In the same way, when debugging missing answers we distinguish between trees whose nodes are related to sets of terms obtained with one (the default case) or many steps. The user can select them with the commands

 (one-step missing tree .)
 (many-steps missing tree .)

The generated debugging tree can be navigated by using two different strategies, namely, top-down and divide and query, being the latter the default one. The user can switch between them in any moment by using the commands

 (top-down strategy .)
 (divide-query strategy .)

When debugging missing answers, the user can prioritize questions related to the fulfillment of the search condition from questions involving the statements defining it. This option, switched off by default, can be activated with the command

 (solutions prioritized on .)
and can be switched off again with
 (solutions prioritized off .)

The debugging process for wrong answers is started with the commands

for wrong reductions, memberships, and rewrites, respectively. MODULE-NAME is the module where the inference took place; if no module name is given, the current module is used by default. Similarly, we start the debugging of missing answers with the commands
for missing answers in functional modules and
 (missing [[depth]] [in MODULE-NAME :] INITIAL-TERM =>* PATTERN [s.t. CONDITION] .)
 (missing [[depth]] [in MODULE-NAME :] INITIAL-TERM =>+ PATTERN [s.t. CONDITION] .)
 (missing [[depth]] [in MODULE-NAME :] INITIAL-TERM =>! PATTERN [s.t. CONDITION] .)
for missing answers in system modules, where the first command specifies a search in zero or more steps, the second one in one or more steps, and the last one only returns final terms. The depth argument indicates the bound in the number of steps allowed in the search, and it is considered unbounded when omitted, while MODULE-NAME has the same behavior as in the commands above.

How the process continues depends on the selected strategy. In the divide and query strategy, each question refers to one inference that can be either correct or wrong. The different answers are transmitted to the debugger with the answers

 (yes .)
 (no .)

If the question asked is too difficult, the user can avoid to answer it with

 (don't know .)

In addition to these general answers, others can be introduced depending on the kind of question. If it corresponds to the application of a statement, instead of just answering yes, we can also trust some statements on the fly if we decide the bug is not there. To trust the current statement we answer

 (trust .)

If a question refers to a set of reachable terms and one of these terms is not reachable, the user can point it out with the answer

 (I is wrong .)
where I is the index of the wrong term in the set. With this answer the debugger focuses then on debugging this wrong inference.

In case the question is related to a set of reachable solutions, if one of the solutions is reachable but it should not fulfill the search condition, the user can indicate it with

 (I is not a solution .)
where I is the index of the term that should not be in the set. With this answer the user indicates that the definition of the search condition is erroneous and the debugger centers on it to continue the process.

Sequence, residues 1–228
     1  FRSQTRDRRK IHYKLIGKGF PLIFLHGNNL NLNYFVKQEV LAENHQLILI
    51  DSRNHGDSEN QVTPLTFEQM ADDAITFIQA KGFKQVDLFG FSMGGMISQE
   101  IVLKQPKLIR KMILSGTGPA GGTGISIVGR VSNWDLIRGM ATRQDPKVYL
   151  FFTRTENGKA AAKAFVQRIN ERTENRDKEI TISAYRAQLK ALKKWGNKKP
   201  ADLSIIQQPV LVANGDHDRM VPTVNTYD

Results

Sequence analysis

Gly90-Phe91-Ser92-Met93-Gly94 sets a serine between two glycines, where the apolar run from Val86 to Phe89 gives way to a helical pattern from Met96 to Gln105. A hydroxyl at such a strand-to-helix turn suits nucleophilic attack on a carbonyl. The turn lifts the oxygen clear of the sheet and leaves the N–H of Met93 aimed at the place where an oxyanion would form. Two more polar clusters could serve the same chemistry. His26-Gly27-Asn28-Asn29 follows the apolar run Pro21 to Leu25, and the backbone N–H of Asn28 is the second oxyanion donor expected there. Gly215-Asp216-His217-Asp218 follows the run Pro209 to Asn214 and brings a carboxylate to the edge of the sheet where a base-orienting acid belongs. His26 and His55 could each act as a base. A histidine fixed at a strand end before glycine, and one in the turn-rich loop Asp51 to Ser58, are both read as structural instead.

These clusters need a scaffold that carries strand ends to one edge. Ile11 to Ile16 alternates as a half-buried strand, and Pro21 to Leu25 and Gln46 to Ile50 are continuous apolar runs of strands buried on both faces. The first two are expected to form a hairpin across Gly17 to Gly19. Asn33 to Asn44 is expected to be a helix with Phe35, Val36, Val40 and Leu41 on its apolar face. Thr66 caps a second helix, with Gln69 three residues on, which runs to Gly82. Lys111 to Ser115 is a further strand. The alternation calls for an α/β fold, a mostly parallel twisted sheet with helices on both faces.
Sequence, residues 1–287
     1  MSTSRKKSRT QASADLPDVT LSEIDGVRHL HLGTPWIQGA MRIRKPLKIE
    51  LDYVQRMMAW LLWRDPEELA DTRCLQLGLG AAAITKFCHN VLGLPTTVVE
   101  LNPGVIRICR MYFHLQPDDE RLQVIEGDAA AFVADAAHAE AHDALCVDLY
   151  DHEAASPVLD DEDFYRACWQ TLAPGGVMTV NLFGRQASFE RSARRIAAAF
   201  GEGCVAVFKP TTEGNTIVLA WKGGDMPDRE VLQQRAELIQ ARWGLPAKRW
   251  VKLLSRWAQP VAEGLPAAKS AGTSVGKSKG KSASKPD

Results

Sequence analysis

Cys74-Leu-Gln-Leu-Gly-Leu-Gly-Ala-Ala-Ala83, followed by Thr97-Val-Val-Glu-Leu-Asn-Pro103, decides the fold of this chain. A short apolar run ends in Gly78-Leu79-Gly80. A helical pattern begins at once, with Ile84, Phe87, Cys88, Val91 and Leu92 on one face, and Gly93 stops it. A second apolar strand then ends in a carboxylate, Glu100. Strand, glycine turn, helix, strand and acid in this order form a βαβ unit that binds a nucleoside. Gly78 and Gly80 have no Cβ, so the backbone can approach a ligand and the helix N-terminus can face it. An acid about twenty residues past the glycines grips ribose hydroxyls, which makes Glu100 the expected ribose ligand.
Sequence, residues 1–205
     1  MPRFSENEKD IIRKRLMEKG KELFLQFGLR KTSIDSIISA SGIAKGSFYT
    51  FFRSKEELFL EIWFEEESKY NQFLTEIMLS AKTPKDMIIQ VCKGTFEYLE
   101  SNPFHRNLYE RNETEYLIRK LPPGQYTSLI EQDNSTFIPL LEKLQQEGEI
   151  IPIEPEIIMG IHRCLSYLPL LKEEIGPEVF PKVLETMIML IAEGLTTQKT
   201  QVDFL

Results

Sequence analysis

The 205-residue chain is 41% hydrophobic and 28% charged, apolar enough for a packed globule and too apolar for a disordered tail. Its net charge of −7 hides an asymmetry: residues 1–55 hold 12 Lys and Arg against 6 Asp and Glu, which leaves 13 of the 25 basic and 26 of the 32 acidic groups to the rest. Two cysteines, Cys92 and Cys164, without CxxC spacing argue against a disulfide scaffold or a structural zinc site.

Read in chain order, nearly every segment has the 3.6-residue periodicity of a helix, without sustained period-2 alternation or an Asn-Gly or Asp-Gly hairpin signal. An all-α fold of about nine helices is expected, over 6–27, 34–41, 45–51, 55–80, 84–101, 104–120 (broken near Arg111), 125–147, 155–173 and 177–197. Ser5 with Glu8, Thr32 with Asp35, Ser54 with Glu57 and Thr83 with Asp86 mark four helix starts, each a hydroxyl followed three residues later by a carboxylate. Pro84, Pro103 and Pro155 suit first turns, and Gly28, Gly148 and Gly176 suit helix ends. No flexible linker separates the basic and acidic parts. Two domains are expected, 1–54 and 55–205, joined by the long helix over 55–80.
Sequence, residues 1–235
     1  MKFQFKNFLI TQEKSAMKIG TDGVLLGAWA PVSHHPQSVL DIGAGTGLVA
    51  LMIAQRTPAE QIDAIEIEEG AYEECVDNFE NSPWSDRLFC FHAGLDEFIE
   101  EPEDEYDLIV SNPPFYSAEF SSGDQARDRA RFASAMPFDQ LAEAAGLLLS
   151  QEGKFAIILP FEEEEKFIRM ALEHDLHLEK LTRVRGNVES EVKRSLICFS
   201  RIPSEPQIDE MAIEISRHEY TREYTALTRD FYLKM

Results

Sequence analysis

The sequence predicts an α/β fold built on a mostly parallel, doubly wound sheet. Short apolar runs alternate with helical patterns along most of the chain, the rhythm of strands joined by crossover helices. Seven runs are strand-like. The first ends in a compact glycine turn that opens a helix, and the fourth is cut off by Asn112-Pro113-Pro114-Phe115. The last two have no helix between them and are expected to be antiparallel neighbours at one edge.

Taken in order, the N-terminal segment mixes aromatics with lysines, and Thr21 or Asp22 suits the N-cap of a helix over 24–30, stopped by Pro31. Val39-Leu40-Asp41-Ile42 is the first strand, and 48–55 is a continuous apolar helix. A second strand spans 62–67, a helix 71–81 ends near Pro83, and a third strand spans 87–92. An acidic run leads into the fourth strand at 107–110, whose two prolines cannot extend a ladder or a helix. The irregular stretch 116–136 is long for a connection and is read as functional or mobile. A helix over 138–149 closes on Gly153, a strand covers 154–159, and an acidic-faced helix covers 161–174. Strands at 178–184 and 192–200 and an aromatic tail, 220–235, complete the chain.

If the question is about a final term, additional information can be given by answering

 (its sort is final .)
that indicates to the debugger that all the constructed terms with the same sort as this term are final.

In case the top-down strategy is selected, several questions will be displayed in each step. The user can introduce then answers of the form (N : answer .), where N is the index of the question and answer is the same answer that would be used in the divide and query strategy for this question. Thus, if there is an invalid question, the user can point it out with the answer

 (N : no .)
while correct questions are answered with
 (N : yes .)

As a shortcut to answer (yes .) to all the questions, the debugger provides the answer

 (all : yes .)

When the user considers that a question is too complicated, it can be discarded with

 (N : don't know .)

If one of the questions is associated to a program statement and the user decides that it can be trusted, it is indicated with

 (N : trust .)

When a question presents an inference from a term to a set of terms, and the term in position I is not reachable from the initial one, then we can point it out with

 (N : I is wrong .)
focusing then the debugging process on this wrong computation.

Furthermore, if the question refers to the set of reachable solutions, we can identify a reachable term that does not fulfill the search condition with the command

 (N : I is not a solution .)
where I the index of the term in the set. With this answer the debugger concentrates on the definition of the search condition.

If one of the questions is related with a final term, on the fly information is given with

 (N : its sort is final .)

Finally, we can return to the previous state in both strategies by using the command

 (undo .)

Debugging sessions

We illustrate how to use the debugger by means of examples. A debugging session is started by loading into Maude the file dd.maude (which already includes the Full Maude implementation). Then, Full Maude modules and commands can be entered, as well as commands for the debugger.

Questions and comments are welcome ariesco[AT]